Parental Sacrifice


Remember when your kids were little? It was funny, annoying and sweet to catch yourself making ridiculous sacrifices for them.

I know in my house we sacrificed our precious sleep just to keep those little cuties alive. I bet you did, too!

We sacrificed our date nights when we couldn’t find sitters. We sacrificed our weekends to hockey tournaments and band practice and girl scout camping trips. That’s what adults do for kids! We set aside our own needs and preferences for the children who depended on us.

Whether it was the pulp in our orange juice or the crunch in our peanut butter, we were willing to give up our own pleasures to keep our kids happy.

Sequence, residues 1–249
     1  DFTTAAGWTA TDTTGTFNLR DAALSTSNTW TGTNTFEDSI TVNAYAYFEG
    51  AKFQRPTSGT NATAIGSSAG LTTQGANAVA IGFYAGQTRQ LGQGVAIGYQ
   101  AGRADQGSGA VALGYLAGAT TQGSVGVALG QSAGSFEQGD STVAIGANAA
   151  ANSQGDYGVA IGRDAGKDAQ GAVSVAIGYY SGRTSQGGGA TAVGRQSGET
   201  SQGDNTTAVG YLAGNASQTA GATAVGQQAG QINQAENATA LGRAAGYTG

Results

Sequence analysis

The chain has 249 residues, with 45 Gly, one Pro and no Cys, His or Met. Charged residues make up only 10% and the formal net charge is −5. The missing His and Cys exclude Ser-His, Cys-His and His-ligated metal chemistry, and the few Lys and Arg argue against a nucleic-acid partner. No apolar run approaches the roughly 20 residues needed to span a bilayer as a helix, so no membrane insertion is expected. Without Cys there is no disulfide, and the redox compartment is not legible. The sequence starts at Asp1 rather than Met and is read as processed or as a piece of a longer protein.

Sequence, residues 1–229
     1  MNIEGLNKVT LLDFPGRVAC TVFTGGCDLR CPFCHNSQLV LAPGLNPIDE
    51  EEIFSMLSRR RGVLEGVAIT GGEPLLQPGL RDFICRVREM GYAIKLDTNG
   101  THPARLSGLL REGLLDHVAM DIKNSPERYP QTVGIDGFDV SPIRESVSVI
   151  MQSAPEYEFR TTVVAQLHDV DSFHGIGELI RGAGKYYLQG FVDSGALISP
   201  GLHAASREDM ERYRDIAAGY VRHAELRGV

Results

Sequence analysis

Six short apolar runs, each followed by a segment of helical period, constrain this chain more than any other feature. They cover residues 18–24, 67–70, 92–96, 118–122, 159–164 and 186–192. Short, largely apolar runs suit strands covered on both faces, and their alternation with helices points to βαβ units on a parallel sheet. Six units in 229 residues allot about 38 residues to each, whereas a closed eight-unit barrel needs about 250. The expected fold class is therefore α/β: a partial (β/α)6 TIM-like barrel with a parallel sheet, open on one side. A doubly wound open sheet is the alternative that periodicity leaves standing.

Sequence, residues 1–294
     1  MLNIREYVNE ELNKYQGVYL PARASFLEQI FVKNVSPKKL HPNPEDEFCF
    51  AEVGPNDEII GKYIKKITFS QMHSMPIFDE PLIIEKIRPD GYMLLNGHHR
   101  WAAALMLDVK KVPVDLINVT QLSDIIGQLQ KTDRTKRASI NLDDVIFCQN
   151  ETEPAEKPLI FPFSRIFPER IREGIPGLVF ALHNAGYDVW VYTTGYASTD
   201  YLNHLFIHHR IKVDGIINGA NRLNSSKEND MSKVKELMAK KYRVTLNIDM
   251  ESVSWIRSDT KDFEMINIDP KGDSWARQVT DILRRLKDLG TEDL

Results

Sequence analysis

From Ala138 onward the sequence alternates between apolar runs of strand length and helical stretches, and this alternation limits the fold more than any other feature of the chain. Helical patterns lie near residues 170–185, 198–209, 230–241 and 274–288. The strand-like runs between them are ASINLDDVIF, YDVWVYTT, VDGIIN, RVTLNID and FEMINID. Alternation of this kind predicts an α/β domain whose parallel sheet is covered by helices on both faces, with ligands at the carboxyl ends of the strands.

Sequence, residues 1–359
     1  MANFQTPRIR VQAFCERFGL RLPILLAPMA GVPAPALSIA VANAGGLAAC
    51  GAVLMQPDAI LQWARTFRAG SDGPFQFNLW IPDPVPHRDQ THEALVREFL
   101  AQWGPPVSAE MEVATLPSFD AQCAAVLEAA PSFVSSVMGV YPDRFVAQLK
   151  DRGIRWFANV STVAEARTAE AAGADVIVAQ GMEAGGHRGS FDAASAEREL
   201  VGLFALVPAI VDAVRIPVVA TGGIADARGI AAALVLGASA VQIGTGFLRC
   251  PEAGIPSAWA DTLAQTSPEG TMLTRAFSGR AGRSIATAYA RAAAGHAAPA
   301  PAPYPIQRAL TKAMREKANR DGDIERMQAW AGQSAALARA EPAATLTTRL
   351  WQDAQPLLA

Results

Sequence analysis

As a teacher, I remember sacrificing my lunch break for kids who needed someone to talk to. We all sacrificed our weekends to lesson plans so that the kids would have the best week possible.

That’s what adults do. That is how every species has managed to survive. We sacrifice our own needs so that the next generation can thrive.

I know that if someone told me that I should give up a dangerous vice in order to protect our children, I would do it. I have skipped that glass of wine with dinner so I could safely drive the kids to a lesson or a game. I have given up the warmth and comfort of our wood stove, knowing that it made it harder for the kids to breathe.

Adults are genetically predisposed to protect children.

So if I was a person who really had a fabulous time juggling hand grenades, I’d be willing to give that up if I knew it might hurt the kids in my neighborhood. If I was a driver who really enjoyed driving a tank around town, I’d grudgingly stop doing it in order to prevent kids from getting squished.